Which is what I’ve done here as many ProBlogger readers are web-savvy: If you click my name, you’re brought to my RSS feed subscription page. You can still read the content but if you’d like to read my advice on social media and online marketing, I’m making it easier for you (and providing supplemental advice to Darren’s above).

  41. Hi,

    RSS can help you build audience and reinforce your brand. It can also help you make money by running AdSense. It can be a proof to you that you create great copy : if people opens it.

    Thank you

  42. Thanks for the great post. Keep it up!

    I subscribe to many blogs through Google Reader and use the share feature for the articles I like the most and on my personal blog my readers can see the clips I am sharing with my widget. While I do not typically visit each blog I often find myself commenting on a number of posts, which forces me to actually visit the blog. So I am of the belief that RSS readers are not a bad thing. I would agree that most people using feed readers are probably among the most tech savvy and many are active in the blogging community.

    So how does an RSS feed differ from a newsletter subscriber, if at all?

  43. Being on both sides of the debate, I prefer RSS feeds. Firstly, as a reader, I much prefer to read blogs through RSS. This allows me to keep track of what I’ve read, what’s new, etc. For many blogs, if it wasn’t for the RSS feeds I don’t think I’d be there nearly as often. In all honesty, I caught this post through the RSS feed.

    On the other side, being a blogger I love having RSS feed subscriber. Sure you can’t really market ads to them, but they’re also probably a lot less likely to click anyways in the first (they’re use to your blog). But like you’re suggesting Darren, they’re great to build a community around your brand.

    A great example of this is the book you released. I’m sure a lot of people found out about the book through your RSS feed. I know I did. Had you not had an RSS feed and I only intermittently checked, well I might have missed some crucial posts.

    And it’s not just your books (or Amazon, etc.). If you build a large community you will have other opportunities come to you. The more you’re in people’s mind, the better.

    And as you say, never ever doubt the power of influencers!!!

  44. I see a nice advert at the bottom of the article in gReader. Do you know whether or not you get $0.01 everytime someone VIEWS the article? or do they have to click..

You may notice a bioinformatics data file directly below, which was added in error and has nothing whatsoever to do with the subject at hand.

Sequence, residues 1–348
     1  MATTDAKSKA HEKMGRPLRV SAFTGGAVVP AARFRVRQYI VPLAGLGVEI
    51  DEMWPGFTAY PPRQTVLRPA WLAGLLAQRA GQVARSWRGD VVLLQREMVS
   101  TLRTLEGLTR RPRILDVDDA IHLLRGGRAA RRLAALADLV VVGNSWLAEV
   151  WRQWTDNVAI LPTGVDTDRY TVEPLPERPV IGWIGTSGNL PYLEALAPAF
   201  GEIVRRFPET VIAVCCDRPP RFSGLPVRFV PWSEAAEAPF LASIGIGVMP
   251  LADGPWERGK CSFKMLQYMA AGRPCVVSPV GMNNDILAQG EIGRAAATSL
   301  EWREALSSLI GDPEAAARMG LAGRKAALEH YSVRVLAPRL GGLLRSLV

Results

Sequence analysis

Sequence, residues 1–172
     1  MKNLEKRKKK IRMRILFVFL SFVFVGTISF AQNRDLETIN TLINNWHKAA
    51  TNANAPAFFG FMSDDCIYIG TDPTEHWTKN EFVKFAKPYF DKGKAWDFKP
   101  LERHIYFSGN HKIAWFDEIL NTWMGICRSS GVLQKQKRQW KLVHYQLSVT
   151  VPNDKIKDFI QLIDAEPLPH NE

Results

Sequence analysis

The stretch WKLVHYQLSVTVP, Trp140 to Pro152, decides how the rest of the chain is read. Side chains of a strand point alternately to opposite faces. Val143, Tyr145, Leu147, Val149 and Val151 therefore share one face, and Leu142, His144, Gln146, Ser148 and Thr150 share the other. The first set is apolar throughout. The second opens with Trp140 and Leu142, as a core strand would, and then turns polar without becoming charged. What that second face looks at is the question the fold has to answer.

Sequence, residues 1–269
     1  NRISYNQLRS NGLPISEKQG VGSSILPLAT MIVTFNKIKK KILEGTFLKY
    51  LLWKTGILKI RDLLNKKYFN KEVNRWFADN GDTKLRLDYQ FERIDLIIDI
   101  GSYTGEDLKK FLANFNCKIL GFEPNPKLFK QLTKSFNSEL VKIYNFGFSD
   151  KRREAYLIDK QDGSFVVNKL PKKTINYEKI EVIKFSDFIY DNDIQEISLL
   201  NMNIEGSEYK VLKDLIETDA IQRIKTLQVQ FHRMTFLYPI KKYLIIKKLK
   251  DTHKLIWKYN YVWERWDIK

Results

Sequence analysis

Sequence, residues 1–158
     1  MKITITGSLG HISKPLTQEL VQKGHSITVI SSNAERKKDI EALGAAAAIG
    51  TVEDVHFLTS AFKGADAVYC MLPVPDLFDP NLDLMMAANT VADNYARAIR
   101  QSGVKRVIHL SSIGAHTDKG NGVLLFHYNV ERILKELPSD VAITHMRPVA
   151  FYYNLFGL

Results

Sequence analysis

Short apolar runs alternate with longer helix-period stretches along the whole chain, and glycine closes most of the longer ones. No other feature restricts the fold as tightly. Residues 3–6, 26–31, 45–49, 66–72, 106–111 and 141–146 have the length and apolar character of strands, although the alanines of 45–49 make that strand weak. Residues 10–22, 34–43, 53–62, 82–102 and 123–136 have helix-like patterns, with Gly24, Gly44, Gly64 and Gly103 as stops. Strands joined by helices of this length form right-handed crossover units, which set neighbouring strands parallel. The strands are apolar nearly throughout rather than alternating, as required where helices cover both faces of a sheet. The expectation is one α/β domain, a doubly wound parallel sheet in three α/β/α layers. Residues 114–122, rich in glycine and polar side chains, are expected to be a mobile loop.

BTW i will soon unsubcribe to a feed if its plastered in ads, but what you have is more than enough!

  45. Don’t forget your RSS subscribers are also likely to be those people who tweet links to your posts on Twitter – which link directly to your blog, not to their RSS feed of your blog. So they may actually be sending people to you.

    The other aspect is that bloggers like me who do most of their blog reading in a reader, also will link back to your posts in our own posts and those links also are the direct permalinks.

  46. Don’t forget your RSS subscribers are also likely to be those people who tweet links to your posts on Twitter – which link directly to your blog, not to their RSS feed of your blog. So they may actually be sending people to you.

    The other aspect is that bloggers like me who do most of their blog reading in a reader, also will link back to your posts in our own posts and those links also are the direct permalinks.

    That sounds really confusing but the point is that your RSS subscribers are spreading the word about you.

  47. I totally agree with this post!

    Bloggers are beginning to realize that it’s not all about how many clicks your ads get or how much daily traffic you’re getting, although they are important.

    I decided to take the advice of Daniel Scocco from Daily Blog Tips (http://www.dailyblogtips.com/50-simple-ways-to-gain-rss-subscribers/) and made some changes to my blog yesterday. As of today, I have 7 subscribers. Sure, it’s not much, but it’s 7 more than I had before.

    Like Darren says, it’s about how much influence you have. One of those 7 subscribers could be someone looking for a guest blogger or an angel investor looking for the next big thing on the internet or just an average Joe curious to see what people in Ohio do.

    Either way, it’s nice to know that people are reading and watching my content.

  48. If you do full feeds and include affiliate links in the header and footer of each post in your xml feed (using the wordpress PostPost plugin for example) then RSS is just another viewer for your entire advertising-based revenue generating blog business. Thats awesome – come on splogs, steal my stuff (just leave the links intact)!

  49. it’s a good post, i thing the real value for any blog is subscribers, the can visit your blog onse and then rean information from readers
    thats i think why so little comments, for example Darren blog has 66k subscribbers, but comment only a very small percent.

  50. Really interesting topic. For people who post different content (like me, I post Tech & Sketches), RSS is great, as not everyone would be interested in seeing all posts.

    I read loads of blogs through RSS, though I hardly comment on most. But whenever there’s something interesting, I make sure I leave a comment. I guess that’s where the purpose of RSS Subscribers is served :)